Send As SMS

Thursday, December 22, 2005


Rx for the Holiday Blues!

November and December are months that typically bring to mind family and friends. It is often a difficult time for people who have lost a loved one through death, divorce or separation. The suggestions in this article will help you to focus on giving the gift of happiness, not sadness, first to yourself and to your friends during the final days of this year.

During this season of celebration, are you are experiencing a dip in your mood just when it's the season to celebrate thankfulness and to be jolly? The hustle and bustle got you down? Are you overwhelmed with the busyness of the season?

Are you dreading the holidays? Feeling behind before you even begin preparations? Wish you could hibernate until the season's over? Avoiding tree-trimmings and office parties? Is your attitude, "Bah-humbug!?" For your own well being, don't boycott the holidays.

Thanksgiving, Hanukkah, Christmas, Kwanza, Ramadan, New Years eve - whatever you celebrate this season, being single (or being alone) doesn't suck as much as you think. You have a choice between sitting home and wallowing in your own self pity and crying into a warm beer watching reruns of "It's a Wonderful Life" or creating a very special holiday just for you. Embrace your situation. There is hope.

Nostalgia is often characterized as depression.

Nostalgia is a disorder of the imagination, where the mind is dwelling upon past memories and loses interest in the present situation: a mood disorder. It is a longing for pleasures, experiences, or events belonging to the past. Those memories are often brought on by an aroma, a song, an old movie, a picture, and can send you back many, many years.

Although nostalgia is not depression, it can lead to depression. For nostalgia to be normal, it must contain a depressive component that is related to the recognition that the past is irrevocable. In its pathological form, the mood contains only the elated aspects without the acceptance of loss, or what could be described as bittersweet sentiment.

Homesickness deals with the nagging thought that perhaps you made a terrible mistake in leaving the comforts of your old life, which may bring a temporary phase of loneliness and depression.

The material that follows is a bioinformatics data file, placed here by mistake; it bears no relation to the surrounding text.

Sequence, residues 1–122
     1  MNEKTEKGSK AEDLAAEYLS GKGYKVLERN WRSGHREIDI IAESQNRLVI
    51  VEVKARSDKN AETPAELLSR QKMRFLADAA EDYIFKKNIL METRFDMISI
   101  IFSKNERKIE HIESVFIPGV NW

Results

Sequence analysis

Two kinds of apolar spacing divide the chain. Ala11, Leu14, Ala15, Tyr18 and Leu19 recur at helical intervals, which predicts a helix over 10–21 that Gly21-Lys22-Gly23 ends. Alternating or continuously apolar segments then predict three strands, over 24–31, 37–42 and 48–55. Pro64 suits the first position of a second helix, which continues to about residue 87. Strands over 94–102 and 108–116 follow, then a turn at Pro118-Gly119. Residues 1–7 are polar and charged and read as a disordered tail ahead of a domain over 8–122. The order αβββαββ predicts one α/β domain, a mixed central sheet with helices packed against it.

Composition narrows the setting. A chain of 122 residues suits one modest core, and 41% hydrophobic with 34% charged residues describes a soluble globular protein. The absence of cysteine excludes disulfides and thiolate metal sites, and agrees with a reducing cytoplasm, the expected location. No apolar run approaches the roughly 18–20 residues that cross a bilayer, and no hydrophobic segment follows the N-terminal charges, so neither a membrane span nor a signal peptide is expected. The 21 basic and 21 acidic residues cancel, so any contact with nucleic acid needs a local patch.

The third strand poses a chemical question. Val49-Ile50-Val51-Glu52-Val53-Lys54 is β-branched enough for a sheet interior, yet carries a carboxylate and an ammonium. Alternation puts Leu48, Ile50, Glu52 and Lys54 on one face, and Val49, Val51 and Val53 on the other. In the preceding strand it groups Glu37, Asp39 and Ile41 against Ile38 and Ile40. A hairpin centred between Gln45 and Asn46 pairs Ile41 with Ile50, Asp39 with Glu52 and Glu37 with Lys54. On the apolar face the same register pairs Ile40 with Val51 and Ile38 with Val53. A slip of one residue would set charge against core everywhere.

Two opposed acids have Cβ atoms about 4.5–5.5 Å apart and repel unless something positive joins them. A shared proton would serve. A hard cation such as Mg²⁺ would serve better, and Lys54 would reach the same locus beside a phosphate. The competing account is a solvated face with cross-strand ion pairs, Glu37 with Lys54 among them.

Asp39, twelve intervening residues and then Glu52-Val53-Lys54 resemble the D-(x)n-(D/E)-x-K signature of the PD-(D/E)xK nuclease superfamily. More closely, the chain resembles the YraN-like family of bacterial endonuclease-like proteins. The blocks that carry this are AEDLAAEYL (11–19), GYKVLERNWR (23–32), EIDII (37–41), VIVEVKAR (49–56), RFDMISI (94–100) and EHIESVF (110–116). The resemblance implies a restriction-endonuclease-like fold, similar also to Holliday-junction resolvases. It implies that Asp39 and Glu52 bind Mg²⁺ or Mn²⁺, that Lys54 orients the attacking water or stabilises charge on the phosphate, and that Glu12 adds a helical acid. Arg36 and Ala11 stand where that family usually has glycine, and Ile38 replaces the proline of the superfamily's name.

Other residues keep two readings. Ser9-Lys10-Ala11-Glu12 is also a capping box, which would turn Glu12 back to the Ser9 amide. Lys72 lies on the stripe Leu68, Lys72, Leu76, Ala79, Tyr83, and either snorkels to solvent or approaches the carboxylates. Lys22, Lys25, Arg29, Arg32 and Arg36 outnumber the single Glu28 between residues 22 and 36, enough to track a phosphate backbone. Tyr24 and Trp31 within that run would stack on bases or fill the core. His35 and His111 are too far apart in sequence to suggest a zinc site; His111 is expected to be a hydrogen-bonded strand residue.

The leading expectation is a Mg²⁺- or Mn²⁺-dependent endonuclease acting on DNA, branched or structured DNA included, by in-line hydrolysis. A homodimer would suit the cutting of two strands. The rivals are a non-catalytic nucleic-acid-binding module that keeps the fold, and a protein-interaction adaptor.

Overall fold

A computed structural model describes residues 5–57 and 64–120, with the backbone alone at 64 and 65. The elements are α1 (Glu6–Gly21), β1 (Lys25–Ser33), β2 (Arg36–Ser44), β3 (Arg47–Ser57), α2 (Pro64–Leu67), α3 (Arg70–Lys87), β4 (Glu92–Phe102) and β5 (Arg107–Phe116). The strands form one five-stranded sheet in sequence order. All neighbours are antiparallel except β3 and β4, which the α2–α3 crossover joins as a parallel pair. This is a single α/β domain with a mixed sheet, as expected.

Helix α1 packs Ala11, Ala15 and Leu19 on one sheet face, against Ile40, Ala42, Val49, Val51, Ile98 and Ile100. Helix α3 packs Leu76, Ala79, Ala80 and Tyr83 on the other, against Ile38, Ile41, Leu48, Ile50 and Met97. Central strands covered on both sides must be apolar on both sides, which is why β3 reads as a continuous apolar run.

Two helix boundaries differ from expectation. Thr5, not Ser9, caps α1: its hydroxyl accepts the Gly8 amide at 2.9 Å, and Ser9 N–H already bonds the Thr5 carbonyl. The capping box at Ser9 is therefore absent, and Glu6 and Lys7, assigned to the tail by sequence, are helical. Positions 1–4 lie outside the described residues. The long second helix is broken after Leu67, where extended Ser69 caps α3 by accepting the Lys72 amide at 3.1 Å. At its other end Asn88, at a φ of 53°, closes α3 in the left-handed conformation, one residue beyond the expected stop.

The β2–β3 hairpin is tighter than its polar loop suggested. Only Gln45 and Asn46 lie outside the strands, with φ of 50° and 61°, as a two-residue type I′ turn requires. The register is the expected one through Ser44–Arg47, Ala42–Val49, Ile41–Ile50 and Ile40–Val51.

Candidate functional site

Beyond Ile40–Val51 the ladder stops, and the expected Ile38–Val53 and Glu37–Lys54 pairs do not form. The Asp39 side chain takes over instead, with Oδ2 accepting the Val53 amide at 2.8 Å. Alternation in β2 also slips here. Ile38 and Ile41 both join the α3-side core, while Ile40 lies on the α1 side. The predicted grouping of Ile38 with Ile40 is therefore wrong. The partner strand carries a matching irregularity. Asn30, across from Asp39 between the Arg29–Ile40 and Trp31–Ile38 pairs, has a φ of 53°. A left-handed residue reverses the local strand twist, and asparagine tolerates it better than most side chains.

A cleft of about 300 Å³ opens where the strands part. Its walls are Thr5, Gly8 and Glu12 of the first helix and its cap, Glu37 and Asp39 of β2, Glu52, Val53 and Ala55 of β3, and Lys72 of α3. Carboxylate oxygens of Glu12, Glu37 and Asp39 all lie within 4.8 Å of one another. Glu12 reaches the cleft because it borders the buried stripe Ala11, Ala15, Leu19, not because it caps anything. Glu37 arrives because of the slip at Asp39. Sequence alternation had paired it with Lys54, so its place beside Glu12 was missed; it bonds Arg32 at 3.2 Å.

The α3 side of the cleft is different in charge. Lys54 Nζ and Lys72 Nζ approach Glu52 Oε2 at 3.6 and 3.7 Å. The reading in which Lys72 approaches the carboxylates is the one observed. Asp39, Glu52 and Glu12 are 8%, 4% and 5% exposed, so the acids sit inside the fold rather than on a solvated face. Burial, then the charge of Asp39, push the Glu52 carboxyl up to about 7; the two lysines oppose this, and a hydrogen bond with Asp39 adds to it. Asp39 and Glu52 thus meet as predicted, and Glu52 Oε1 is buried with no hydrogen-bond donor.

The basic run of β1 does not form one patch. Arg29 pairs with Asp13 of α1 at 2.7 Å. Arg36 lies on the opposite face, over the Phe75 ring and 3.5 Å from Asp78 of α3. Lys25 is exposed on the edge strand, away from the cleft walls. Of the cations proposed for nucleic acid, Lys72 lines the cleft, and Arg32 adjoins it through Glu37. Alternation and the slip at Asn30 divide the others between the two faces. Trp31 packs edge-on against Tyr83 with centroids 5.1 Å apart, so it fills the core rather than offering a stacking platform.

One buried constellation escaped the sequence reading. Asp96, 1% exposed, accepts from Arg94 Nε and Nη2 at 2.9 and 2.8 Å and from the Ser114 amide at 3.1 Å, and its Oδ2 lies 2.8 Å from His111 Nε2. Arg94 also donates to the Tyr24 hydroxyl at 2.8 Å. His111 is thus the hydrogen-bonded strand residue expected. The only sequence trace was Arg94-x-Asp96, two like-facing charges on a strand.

There is never any benefit in longing for what once was, but rather much joy in exploring what is. Focus on the present and think positively. This approach can help reduce some of your frustration and unhappiness as well as build your confidence to live in the spirit of the holiday season.

To really enjoy it during the holidays, you'll first need to temper your expectations. Forget about what's "supposed" to happen. Remember that lots of people out there are doing what's expected, and probably running themselves a little ragged.

Some degree of loneliness is normal during the holidays. There is nothing abnormal about having the "holiday blues," which are more like a mood than any sort of lasting condition. Depression, anxiety, and other psychological symptoms are associated with the holidays because this season brings back memories of a happier time in our lives. Plan a holiday where loneliness doesn't dominate.

Carving the turkey with friends and shopping for a gift for someone special is a part of life during the holidays. Drowning your troubles in egg nog and pigging out on holiday candy is not the solution.

Doing the holidays solo? Being alone is a challenge for many people. Not being coupled during all the various gatherings can leave singles feeling left out, sad, and empty inside. What can you do to make the holidays joyous rather than depressing?

If you are feeling alone during the holidays because of a death, divorce or separation from your loved one or if you are feeling obligated to visit or entertain friends or relatives that you would rather avoid, perhaps the following guidelines may help minimize the "Holiday Blues."

One thing to remember: There is no cure-all for the holiday blues, however it is important for you to understand that the only person in charge of how you "feel" is you.

Before you get defensive about that statement, I suggest that you take a closer look at the real issue that brings on this feeling. It is not in your best interest to allow what you think to color how you feel.

Understand the difference between the holiday blues and holiday stress. Holiday blues are feelings of loss or sadness because you can't be with people who are special to you. Holiday stress is often caused because you believe you need to be with some of those people.

Feeling down is not all bad. It allows you to see that something in your life is not working. If you listen to your depression, it may help you make changes in your life. Embracing the "blues" in a positive way is a good thing.

For many people, the holidays are a traditional time of happiness and festivity. However, for those who are grieving the loss of a loved one, the holidays are a time of mixed emotions. Be aware of what triggers your emotions. Do your best to accept that your emotions will vary during the holidays. Make time to deal with your emotions. Have a good cry, punch some pillows and shout out loud about how angry you are. But then, as best you can, let it go.

Plan ahead. Schedule some fun events for January to give you something to look forward to.

No one wants to be alone during the holidays. And although you may not be in a position to do anything about being with the one you would rather be with, you can do something to help yourself focus on making yourself "merry" during the holidays. A holiday alone does not have to be the end of the world. Here are a few suggestions to help you dodge the perils of solitude and radiate holiday cheer.

To read the complete article with more than 55 tips for the holidazed, go to!

This page is powered by Blogger. Isn't yours?